Daughtry: Absolutely, 100 percent. On (“American Idol”), I wasn’t able to do fully what I’m capable of; that was just, to me, a way of showing my voice off. This is a totally different thing. This is who we are — we’re musicians, we write our music, and it’s a totally different ballgame.
Q: What’s your perspective on “American Idol” at this point?
Daughtry: It changes from year to year. I don’t have a solid opinion on it. I think it’s a great tool for people to use. I mean, it’s all about taking the opportunities that are in front of you and making the best of them and using them to your advantage.
I don’t think it’s cheesy one bit. I think it’s cheesy if you’re going to go on there and use gimmicks and not be yourself. But if you’re going to go on there and you’re going to be yourself and you think you have what it takes, I think it’s a great opportunity to show that to the world. So I think the people that go on there have to take it seriously.
People see right through that stuff; the public aren’t idiots. They’re going to recognize something real when they see it. I think that’s part of what happened with us.
Q: Would Daughtry have gotten a deal if you hadn’t done “Idol?”
Daughtry: Well, I definitely think it accelerated it. I wasn’t getting any of that exposure in North Carolina. Being that I had a family, financially we couldn’t go out and tour and get our names out there. So we had to basically play the same old clubs over and over, and for mostly the same people. When you do that, you just don’t get the exposure and the buzz that you need to make a name for yourself and get the attention. So I felt that was my only option at the time, to take a TV show like that and just get myself out there.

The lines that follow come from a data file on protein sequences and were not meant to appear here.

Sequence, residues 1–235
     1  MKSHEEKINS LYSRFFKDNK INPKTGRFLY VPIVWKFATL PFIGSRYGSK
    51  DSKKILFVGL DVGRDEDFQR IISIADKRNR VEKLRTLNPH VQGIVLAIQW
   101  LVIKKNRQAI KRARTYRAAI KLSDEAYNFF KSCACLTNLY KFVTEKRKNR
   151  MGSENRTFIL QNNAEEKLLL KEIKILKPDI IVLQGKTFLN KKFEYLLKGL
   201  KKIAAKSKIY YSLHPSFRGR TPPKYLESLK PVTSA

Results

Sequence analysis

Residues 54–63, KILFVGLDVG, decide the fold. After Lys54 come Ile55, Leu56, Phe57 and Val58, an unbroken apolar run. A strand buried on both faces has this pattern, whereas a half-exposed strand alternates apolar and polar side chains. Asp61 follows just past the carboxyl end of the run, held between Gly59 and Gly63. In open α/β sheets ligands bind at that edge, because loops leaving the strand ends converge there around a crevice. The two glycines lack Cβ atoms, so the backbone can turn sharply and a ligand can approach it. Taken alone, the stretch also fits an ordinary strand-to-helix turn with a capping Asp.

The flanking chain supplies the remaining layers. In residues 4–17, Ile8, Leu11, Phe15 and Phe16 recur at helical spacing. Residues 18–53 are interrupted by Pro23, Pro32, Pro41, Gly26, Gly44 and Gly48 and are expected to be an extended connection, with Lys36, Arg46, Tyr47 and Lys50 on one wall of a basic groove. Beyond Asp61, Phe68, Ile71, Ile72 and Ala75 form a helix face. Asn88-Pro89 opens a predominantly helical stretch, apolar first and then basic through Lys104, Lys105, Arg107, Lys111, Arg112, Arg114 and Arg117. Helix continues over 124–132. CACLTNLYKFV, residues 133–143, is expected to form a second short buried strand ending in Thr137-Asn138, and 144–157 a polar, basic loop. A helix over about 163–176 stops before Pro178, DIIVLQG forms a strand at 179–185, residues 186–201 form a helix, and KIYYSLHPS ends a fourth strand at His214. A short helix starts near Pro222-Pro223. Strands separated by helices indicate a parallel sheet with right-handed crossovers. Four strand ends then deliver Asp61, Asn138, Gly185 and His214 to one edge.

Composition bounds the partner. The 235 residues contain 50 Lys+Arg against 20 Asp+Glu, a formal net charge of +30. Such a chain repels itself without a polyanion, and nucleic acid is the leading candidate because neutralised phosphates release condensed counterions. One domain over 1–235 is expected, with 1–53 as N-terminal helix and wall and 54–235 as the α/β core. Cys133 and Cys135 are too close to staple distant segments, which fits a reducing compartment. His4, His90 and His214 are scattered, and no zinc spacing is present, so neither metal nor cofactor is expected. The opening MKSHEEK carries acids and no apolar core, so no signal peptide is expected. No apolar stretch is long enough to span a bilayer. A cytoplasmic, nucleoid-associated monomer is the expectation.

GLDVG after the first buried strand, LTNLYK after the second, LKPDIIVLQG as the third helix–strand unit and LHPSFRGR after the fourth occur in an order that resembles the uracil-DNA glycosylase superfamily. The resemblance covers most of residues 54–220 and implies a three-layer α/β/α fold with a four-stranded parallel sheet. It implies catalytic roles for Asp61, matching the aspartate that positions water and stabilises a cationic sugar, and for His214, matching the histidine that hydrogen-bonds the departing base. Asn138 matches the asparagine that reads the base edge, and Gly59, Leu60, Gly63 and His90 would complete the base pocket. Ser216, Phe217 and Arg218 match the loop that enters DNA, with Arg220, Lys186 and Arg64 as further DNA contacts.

Q: At the time the album came out, were you apprehensive about whether the fans you’d won on “Idol” would stick with this rock ‘n’ roll band?
Daughtry: Well, I wasn’t really as worried about that as I was about everybody taking it seriously. Normally when you get fans from a show like that, they’re pretty loyal to you — but you still have to put the work in to make sure you put out the best thing you can. It was everything else we were worried about. “Is rock radio going to take us seriously? Are we going to be taken seriously as a band in general, for our songwriting and who we are?” We have been, and that’s a really cool thing for us.
Q: What have been some of the major touchstones of the year for you?
Daughtry: Well, (the AMAs) were definitely a big one for us. And getting the Bon Jovi tour is definitely another staple; you have a very well-respected band that’s been around for as long as I can remember, and they respect us as a band and take us seriously. When you have people like that and Nickelback and all these other bands that are in the same class, so to speak, taking you seriously for what you do, it kind of validates what we’re doing.
Q: What’s the plan for the next Daughtry album?
Daughtry: I can’t really say at this point. It’s a little early to tell. We’re doing some writing when we have the opportunity, and we’re going to be working on getting it out some time hopefully next year — when we get it right.